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Magic Sam Live At The Avant Garde (CD)

Live At The Avant Garde (CD)

catalog number: CDDE833

weight in Kg 0,100


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Magic Sam: Live At The Avant Garde (CD)

2013 'Delmark', 16 tracks.​​ Aufgenommen 22.06.1968. Magic Sam - voc/gtr, Big Mojo Elem - bass, Bob Richey - drums.

Before Magic Sam scored with 1967's West Side Soul (Delmark 615) his recorded legacy included a handful of sides for Cobra in the late `50s, Chief in the early `60s and a few miscellaneous 45s in the mid-`60s. But just when it looked like things were going to really take off for Sam he passed away on December 1, 1969 at the age of 32. Delmark issued 1968's Black Magic (Delmark 620) and there have been several posthumous releases of live recordings including the classic Live (Delmark 645). 

This album comes from a June 22, 1968 live concert recorded at the Avant Garde in Milwaukee. It features Magic Sam, vocals, guitar; Big Mojo Elem, bass and Bob Richey, drums. Over 65 minutes including 'That's All I Need' 'I Need You So Bad', 'Two Trains Running', 'Come On In This House' and more.

​2013 'Delmark', 16 tracks.



Magic Sam - Live At The Avant Garde (CD) Medium 1
1: San-Ho-Zay
2: Don't Want No Woman
3: I Need You So Bad
4: Feelin' Good
5: It's All Your Fault Baby
6: You Belong To Me
7: Bad Luck Blues
8: Come On In This House
9: Hoochie Coochie Man
10: Still A Fool
11: That's All I Need
12: All Your Love (I Miss Loving)
13: That's All Right
14: Lookin' Good
15: Everynight Everyday
16: Hully Gully Twist


Artikeleigenschaften von Magic Sam: Live At The Avant Garde (CD)

  • Interpret: Magic Sam

  • Albumtitel: Live At The Avant Garde (CD)

  • Format CD
  • Genre Blues

  • Title Live At The Avant Garde
  • Label DELMARK

  • Price code VCD3
  • SubGenre Blues - Electric

  • EAN: 0038153083328

  • weight in Kg 0.100

Artist description "Magic Sam"

Magic Sam

A new blues sound was cooking on Chicago’s West Side, and ‘Magic Sam’ Maghett was its head chef. Stripped of harps and horns, the blossoming West Side sound centered on the electric guitar, positioning Sam and his peer Freddie King as prototypical blues guitar heroes. They didn’t mind stretching out on their axes, and they had plenty to say. Sam’s ringing guitar approach, soaked in minor-key majesty, did have a few discernible precedents, but it was basically his design.

Born February 14, 1937 a little ways east of Grenada, Mississippi, Sam started out on diddley bow, a one-string contraption hung on the wall and fretted with a slide. One of his childhood pals was a towering lad named Morris Holt, who he’d later anoint with the handle of Magic Slim after both were resident on the Chicago circuit. "We played acoustics, on a Sunday up under a shade tree after we’d go to church and come back," says Holt of their shared childhood.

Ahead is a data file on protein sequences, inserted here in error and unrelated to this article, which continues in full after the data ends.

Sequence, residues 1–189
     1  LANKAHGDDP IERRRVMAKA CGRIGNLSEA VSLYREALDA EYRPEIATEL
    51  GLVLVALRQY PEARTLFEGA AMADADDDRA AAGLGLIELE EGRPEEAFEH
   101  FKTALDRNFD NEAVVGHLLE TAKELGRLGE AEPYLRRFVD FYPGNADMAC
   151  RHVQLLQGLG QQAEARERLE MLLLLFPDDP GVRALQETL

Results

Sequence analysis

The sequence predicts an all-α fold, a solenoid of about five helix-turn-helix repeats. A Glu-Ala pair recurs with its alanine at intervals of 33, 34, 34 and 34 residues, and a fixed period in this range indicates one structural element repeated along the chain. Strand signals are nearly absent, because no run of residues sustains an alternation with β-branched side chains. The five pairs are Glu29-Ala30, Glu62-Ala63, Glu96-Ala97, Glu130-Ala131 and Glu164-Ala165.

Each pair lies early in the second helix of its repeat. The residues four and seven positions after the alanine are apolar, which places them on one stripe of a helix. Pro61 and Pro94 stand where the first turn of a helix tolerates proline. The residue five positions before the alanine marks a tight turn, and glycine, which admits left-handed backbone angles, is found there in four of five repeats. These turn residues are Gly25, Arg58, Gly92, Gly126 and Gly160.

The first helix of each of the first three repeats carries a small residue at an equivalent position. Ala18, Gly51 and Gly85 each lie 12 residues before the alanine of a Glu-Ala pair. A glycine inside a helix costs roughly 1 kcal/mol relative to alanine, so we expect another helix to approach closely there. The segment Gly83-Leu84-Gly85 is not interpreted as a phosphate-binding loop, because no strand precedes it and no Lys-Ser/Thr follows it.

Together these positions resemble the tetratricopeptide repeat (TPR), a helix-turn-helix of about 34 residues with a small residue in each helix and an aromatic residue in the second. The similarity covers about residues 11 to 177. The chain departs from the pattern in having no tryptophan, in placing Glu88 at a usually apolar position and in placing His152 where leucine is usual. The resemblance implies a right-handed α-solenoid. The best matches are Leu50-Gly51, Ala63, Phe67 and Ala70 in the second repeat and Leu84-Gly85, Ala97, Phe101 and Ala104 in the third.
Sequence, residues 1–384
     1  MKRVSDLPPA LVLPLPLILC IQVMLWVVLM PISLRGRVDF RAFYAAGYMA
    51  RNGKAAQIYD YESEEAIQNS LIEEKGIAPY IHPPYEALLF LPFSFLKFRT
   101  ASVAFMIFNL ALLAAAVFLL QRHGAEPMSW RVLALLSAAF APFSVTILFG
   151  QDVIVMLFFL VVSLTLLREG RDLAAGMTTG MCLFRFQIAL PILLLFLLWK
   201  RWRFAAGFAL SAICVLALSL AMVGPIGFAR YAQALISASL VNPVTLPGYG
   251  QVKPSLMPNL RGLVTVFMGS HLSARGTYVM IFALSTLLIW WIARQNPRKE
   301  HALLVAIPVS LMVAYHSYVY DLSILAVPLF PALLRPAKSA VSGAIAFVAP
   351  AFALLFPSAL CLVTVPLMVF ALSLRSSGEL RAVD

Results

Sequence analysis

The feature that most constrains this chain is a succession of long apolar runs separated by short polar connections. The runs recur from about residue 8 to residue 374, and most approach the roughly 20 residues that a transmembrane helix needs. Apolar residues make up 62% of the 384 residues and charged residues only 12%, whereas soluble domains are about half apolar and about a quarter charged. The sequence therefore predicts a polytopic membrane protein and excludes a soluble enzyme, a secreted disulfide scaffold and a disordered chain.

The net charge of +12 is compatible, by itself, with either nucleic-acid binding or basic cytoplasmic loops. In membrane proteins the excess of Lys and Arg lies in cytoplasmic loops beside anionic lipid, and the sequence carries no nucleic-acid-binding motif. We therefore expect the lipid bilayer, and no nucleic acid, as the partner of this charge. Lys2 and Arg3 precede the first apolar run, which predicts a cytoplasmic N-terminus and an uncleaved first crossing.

Sam’s aunt Lily sent for the lad to come up to Chicago in 1950. Not long after, a youth named Sylvester Thompson moved into the same South Side building that Sam lived in. "I met him on the steps. He was playing guitar one morning when my brother Mack and I came in from the cab, from the Illinois Central station," says Thompson, better known now as R&B singer Syl Johnson. Syl struck out on some Mississippi blues right there on the doorstep, impressing Sam. "He was like playing ragtime when I first met him. And he kind of went wild when me and Mack came," says Syl. They continued to jam together in months to come, soon attracting the interest of Sam’s uncle, veteran harpist James ‘Shakey Jake’ Harris.

"My mama got me an amp and a guitar. We put that amp in the window," says Syl. "That’s how old Shakey Jake found us. He heard the music. He said it smelled like he was a dog, smelled the other female dog down when she’s in heat!"

With Shakey Jake encouraging him, a teenaged Sam sat in at the 708 Club in 1955, soon gigging under the moniker of Good Rocking Sam. Sam and Mack sent a demo of All Your Love to Chess, but they were turned down. "‘All Your Love’ derived from one of Lowell Fulson’s songs, ‘It’s All My Fault,’" reveals Syl. "Cause Sam told me that’s where he got it from. He copped it off of that." Otis Rush had a better idea than Chess. "I met Sam after I did 'I Can't Quit You Baby,’" says Rush. "He was trying to get with a recording. I turned him on to Cobra."

Situated on West Roosevelt Road, Eli Toscano’s Cobra Records had already enjoyed success with Rush’s debut single and clearly pictured Sam connecting on the same level with his debut All Your Love, waxed in 1957 with a two-bass setup (Mack on electric, Willie Dixon on upright), pianist Little Brother Montgomery, and drummer Billie Stepney. Mack also dreamed up Maghett’s snazzy new Magic Sam moniker. The swaying, minor-toned All Your Love established Sam as the new king of the West Side. "It was one of his biggest," says Syl. "It was a classic." Sam released three more fine singles on Cobra before the Army came calling, much to his dismay.

Bill Dahl
Chicago, Illinois

Electric Blues 1939-2005. - The Definitive Collection!
Part 2: 1954-1967 - BCD 16922 CP
EAN 4000127169228  -  ISBN: 978-3-89916-589-0


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